"It's like salt in the wound."
Randy and Susie Skeen agreed to a plea agreement for the teen who killed their 16-year-old son as a step toward forgiveness and an offer of hope for a new life after prison.
But they were shocked and outraged by a defense attorney’s comments after Monday’s plea and sentencing hearing for 14-year-old Kaden Barefoot.
The parents said attorney Gregory Bushway’s version of what happened when their son, Ryan Skeen, was shot once in the neck in the driveway of his home Oct. 26, 2015, is a “slap in the face” after they extended mercy in agreeing to the plea agreement.
Skeen’s father, who held his son in the driveway waiting for an ambulance to arrive, said it felt like losing his son all over again.
Barefoot, who was 13 at the time of the shooting, pleaded guilty to voluntary manslaughter and criminal attempt to commit armed robbery. He was sentenced to 20 years in prison. He had been charged with murder and would have been tried as an adult.
The prosecution maintained that Barefoot shot Skeen during an attempt to rob the older boy of marijuana. An armed Barefoot rode his bicycle over to Skeen’s home, according to the indictment.
But Bushway told The Telegraph after the sentencing that Skeen was shot in a struggle over a gun that Barefoot had agreed to sell him for $300 worth of marijuana.
Bushway said Skeen was selling marijuana and wanted the gun for protection. Barefoot brought Skeen the gun. But Skeen didn’t have the payment, and Barefoot wanted the gun back. At some point, Skeen pointed the gun at Barefoot, the two struggled, and the gun went off. Bushway planned to introduce cellphone texts as evidence.
But Ryan Skeen’s parents said that’s not true.
“I understand when it was going to court, that attorney was going to say and do anything he can to get his client off,” Randy Skeen said. “But it was done. … There’s no reason to tell this lie now because he’s pled. He pled guilty.”
Bushway could not be reached for comment Wednesday.
The Skeens said their son was not a drug dealer, but they learned after his death that he used marijuana on a recreational basis, and he might occasionally sell a small amount rather than give it away, his father said.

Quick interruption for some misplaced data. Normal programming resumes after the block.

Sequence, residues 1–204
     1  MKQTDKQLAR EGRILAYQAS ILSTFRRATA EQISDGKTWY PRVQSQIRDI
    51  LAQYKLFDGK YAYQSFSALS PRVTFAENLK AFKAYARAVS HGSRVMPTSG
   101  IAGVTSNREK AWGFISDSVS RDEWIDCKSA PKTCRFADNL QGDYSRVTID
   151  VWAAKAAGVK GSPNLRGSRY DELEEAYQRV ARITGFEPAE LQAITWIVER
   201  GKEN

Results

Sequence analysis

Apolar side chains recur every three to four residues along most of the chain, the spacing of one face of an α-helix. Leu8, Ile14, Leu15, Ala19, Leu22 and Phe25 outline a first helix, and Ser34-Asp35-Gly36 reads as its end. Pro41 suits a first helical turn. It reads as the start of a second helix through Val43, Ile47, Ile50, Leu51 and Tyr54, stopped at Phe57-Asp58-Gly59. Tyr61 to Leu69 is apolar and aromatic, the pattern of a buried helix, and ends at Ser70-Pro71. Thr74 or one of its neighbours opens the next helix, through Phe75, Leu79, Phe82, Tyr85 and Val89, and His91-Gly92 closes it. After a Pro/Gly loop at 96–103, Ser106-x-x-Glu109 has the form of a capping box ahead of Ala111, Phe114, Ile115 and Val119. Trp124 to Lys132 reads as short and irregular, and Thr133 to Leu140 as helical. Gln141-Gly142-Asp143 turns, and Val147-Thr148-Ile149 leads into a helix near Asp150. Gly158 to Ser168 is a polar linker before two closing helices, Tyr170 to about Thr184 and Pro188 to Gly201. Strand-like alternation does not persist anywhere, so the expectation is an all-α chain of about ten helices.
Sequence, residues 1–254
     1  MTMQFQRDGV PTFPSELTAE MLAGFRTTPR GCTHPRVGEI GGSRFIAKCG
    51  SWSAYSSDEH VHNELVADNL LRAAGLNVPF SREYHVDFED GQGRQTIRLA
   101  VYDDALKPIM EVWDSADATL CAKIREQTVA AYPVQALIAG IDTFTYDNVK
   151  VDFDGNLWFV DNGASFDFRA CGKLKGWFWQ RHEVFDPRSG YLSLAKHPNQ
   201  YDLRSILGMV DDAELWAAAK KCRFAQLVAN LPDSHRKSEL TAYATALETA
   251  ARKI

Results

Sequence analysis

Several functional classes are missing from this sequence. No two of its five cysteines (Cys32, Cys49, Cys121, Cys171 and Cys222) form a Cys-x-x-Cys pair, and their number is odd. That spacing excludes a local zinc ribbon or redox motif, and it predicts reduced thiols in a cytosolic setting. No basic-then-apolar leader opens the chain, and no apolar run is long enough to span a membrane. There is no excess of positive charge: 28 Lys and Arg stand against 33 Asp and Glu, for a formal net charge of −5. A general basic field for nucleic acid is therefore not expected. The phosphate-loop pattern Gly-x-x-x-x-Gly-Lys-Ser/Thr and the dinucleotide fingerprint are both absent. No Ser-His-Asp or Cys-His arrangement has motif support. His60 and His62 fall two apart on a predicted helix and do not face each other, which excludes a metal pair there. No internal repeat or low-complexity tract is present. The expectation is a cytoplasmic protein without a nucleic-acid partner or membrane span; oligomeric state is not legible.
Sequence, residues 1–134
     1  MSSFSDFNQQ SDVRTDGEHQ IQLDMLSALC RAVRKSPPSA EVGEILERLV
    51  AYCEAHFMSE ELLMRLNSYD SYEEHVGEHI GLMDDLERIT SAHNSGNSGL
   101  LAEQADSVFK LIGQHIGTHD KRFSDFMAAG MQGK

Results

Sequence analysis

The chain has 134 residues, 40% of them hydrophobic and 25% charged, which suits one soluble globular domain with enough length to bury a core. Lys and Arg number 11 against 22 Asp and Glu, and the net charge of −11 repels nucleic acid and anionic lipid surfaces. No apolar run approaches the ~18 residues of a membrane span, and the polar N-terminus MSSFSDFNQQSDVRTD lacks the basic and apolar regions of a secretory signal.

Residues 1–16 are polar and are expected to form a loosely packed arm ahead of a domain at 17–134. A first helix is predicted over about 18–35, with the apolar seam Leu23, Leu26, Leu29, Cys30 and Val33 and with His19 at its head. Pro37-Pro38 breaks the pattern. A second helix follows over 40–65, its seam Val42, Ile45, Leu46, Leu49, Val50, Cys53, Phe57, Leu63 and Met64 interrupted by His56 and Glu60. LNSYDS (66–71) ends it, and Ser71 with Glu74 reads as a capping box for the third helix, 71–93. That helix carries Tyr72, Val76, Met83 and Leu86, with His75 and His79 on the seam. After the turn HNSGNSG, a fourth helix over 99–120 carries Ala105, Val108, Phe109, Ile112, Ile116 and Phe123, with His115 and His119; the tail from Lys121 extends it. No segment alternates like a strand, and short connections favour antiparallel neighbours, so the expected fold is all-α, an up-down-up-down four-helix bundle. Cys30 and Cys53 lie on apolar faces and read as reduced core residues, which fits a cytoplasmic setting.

“He wasn’t a dealer in the sense that he had customers,” Randy Skeen said. “It would be the same as if you’re at someone’s house and say, ‘Hey bud, can I have a beer?’ and he says, ‘Well, I have to pay for that. If you want to buy it, you can have it.’ ”
Skeen said his understanding of the prosecution’s case was that evidence, including text messages, shows that another teen had set up a meeting for his son to sell Barefoot about a gram of marijuana and that Barefoot had no intention of paying for it. He said the minor had agreed to testify at trial.
Neither Houston County District Attorney George Hartwig nor Assistant District Attorney Greg Winters could be reached for comment.
The parents said the defense made their son look like a hardcore drug dealer, or “the godfather of weed,” while elevating Barefoot to “choirboy status.”
“If that was such a truth that he told, why did he accept the plea?” Randy Skeen asked. “He’d got away with it. He’d been acquitted.”
Skeen then answered his own question.
“Because it wasn’t the truth, and there was absolutely zero evidence to support that story.”
‘I thought it was a prank’
Ryan Skeen’s parents were the first to find him shot.
As they pulled into their driveway after a short trip to a nearby store, Barefoot was standing 4 or 5 feet from their son, who had just fallen to the ground.
“At the time, we didn’t know what had happened,” Randy Skeen said Tuesday as he stood in the driveway demonstrating what he saw. “We didn’t know that he had just shot Ryan.”
They did not see a gun.
Because he and his son often pulled pranks on each other, Skeen said he first thought his son was joking around.
Barefoot turned, and Skeen said, although he did not know what the teen was doing at the time, he now believes Barefoot was putting a gun back in his waistband.
Skeen said Barefoot looked at him and his wife, pulled his hoodie up over his head and walked over to his bicycle that was behind a bush near their mailbox. He got on the bicycle and pedaled away.
Meanwhile, Skeen had gotten out of the car and was beside his son.
“I thought it was a prank, and I actually said, ‘Ryan, if this is a prank, you gotta stop. You’re about to give me a heart attack.’ … But then I saw the blood pouring out, and I knew it wasn’t a prank, and I called 911,” he said.
Ryan Skeen was well-liked, an athlete, and enjoyed skateboarding. He had no disciplinary reports in school, his father said.
Randy Skeen was proud of his son for working with animal rescue groups to spay or neuter 29 cats and find homes for them.
Susie Skeen said she feels like the focus has been on the fact that Barefoot was 13 at the time of the shooting. But she wants people to remember her son was only 16.
“We are missing graduation. We’re missing prom. … His getting married, children, you know, all that, and every family experience that we have that is joyful is dimmed because there’s an empty seat,” she said.
His parents keep his ashes in an urn in the living room.
“That’s how I have my son now — that and pictures,” Susie Skeen said.
Correction: A previous version of this story incorrectly stated the measurement for an amount of marijuana. Randy Skeen said his understanding of the prosecution’s case was that evidence shows another teen had set up a meeting for his son to sell Kaden Barefoot about a gram of marijuana.